Throughout Canada’s history, the Indigenous peoples of the territories have faced extreme racism, colonialism, hatred and violence. Canada’s Indigenous population has been so negatively represented throughout society, and resources that others take as basic rights have been unavailable to Indigenous peoples.
According to the Conference Board of Canada, Indigenous peoples of Canada’s territories fall far behind the national average on several measures of equity and social cohesion. Indicators of their low averages include poverty, crime rates and income distribution.
The problems that Canada’s indigenous population faces stem from the lack of proper education offered to these individuals. According to Markets Insider, improvements need to be made in education accessibility as well as access to healthcare in order for social outcomes to improve for Indigenous peoples.
Because of the territories’ isolated geographic location, education and social service attainment for Indigenous people are very low, and infrastructure gaps create low social outcomes.
Canadian leaders are working to improve educational outcomes and access to healthcare by implementing policies that protect and support Canada’s Indigenous population. Cultural measures are also being taken to improve emotional, social and material support in areas that are more secluded.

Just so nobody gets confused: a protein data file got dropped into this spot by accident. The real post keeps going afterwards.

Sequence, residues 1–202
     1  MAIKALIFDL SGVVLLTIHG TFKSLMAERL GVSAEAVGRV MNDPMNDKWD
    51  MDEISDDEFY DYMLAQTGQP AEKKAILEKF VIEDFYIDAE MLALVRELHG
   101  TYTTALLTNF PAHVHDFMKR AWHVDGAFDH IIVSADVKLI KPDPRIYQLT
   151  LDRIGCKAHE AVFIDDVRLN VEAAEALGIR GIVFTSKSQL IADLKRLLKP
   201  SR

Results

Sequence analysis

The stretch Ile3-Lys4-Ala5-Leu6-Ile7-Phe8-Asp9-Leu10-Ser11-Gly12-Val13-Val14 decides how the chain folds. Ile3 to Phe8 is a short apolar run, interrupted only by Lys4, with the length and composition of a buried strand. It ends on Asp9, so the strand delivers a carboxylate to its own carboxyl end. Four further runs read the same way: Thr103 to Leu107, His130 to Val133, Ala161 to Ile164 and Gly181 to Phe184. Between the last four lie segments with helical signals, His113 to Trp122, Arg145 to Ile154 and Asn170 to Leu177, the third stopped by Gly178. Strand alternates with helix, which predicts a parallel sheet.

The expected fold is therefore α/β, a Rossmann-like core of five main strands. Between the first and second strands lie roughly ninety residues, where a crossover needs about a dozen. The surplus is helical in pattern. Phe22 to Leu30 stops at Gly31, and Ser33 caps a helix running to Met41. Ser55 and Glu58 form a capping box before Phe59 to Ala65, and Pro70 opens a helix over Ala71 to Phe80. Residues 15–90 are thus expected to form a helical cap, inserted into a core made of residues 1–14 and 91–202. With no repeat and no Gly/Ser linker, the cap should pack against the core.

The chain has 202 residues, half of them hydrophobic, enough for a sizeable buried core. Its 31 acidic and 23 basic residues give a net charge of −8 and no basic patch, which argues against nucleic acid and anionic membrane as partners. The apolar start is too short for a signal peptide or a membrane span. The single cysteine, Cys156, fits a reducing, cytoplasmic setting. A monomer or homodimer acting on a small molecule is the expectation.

People are pushing to improve these conditions for Canada’s Indigenous population at the educational level, including Maggie MacDonnell, winner of the Global Teacher Prize in March 2017.
MacDonnell grew up in Nova Scotia and witnessed racism and hatred toward Indigenous people throughout her childhood. By viewing injustice toward Indigenous people at such a young age, MacDonnell made it her goal to work in support of her Indigenous students at Ikusik School located in an Inuit village in Northern Quebec.
Because Indigenous peoples have been oppressed for much of Canada’s history, it is important for people like MacDonnell to stand up for their right to a quality education. Education systems like that of Ikusik School are a great benefit to improving the future of Canada’s Indigenous population.
Prime Minister of Canada Justin Trudeau acknowledged MacDonnell’s work and the necessity to improve education for Indigenous students. “As a society, we must acknowledge past mistakes,” Trudeau remarked as he highlighted the victims of Indigenous oppression at Canada 150—the 150th anniversary of the country.
Without proper education, Canada’s Indigenous population will be unable to meet the national average in areas including equity and social cohesion. Breaking away from the habitual oppression that has been inflicted on Canadian Indigenous peoples is a tough task, but with the efforts of Trudeau, Canadian leaders and passionate teachers like MacDonnell, it is becoming more feasible for the future.